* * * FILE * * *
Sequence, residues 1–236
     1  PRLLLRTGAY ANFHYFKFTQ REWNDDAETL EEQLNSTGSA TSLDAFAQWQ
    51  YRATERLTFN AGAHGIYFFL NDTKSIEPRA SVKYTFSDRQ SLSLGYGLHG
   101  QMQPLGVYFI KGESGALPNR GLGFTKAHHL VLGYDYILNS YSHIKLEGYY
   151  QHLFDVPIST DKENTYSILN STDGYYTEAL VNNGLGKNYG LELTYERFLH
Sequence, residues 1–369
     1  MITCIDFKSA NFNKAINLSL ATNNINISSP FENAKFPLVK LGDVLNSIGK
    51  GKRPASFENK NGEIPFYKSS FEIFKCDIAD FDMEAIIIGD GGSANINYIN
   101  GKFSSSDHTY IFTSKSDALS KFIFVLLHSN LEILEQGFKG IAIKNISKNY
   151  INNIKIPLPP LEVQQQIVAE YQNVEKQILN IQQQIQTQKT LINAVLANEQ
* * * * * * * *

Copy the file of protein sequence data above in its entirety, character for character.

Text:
Sequence, residues 1–236
     1  PRLLLRTGAY ANFHYFKFTQ REWNDDAETL EEQLNSTGSA TSLDAFAQWQ
    51  YRATERLTFN AGAHGIYFFL NDTKSIEPRA SVKYTFSDRQ SLSLGYGLHG
   101  QMQPLGVYFI KGESGALPNR GLGFTKAHHL VLGYDYILNS YSHIKLEGYY
   151  QHLFDVPIST DKENTYSILN STDGYYTEAL VNNGLGKNYG LELTYERFLH
Sequence, residues 1–369
     1  MITCIDFKSA NFNKAINLSL ATNNINISSP FENAKFPLVK LGDVLNSIGK
    51  GKRPASFENK NGEIPFYKSS FEIFKCDIAD FDMEAIIIGD GGSANINYIN
   101  GKFSSSDHTY IFTSKSDALS KFIFVLLHSN LEILEQGFKG IAIKNISKNY
   151  INNIKIPLPP LEVQQQIVAE YQNVEKQILN IQQQIQTQKT LINAVLANEQ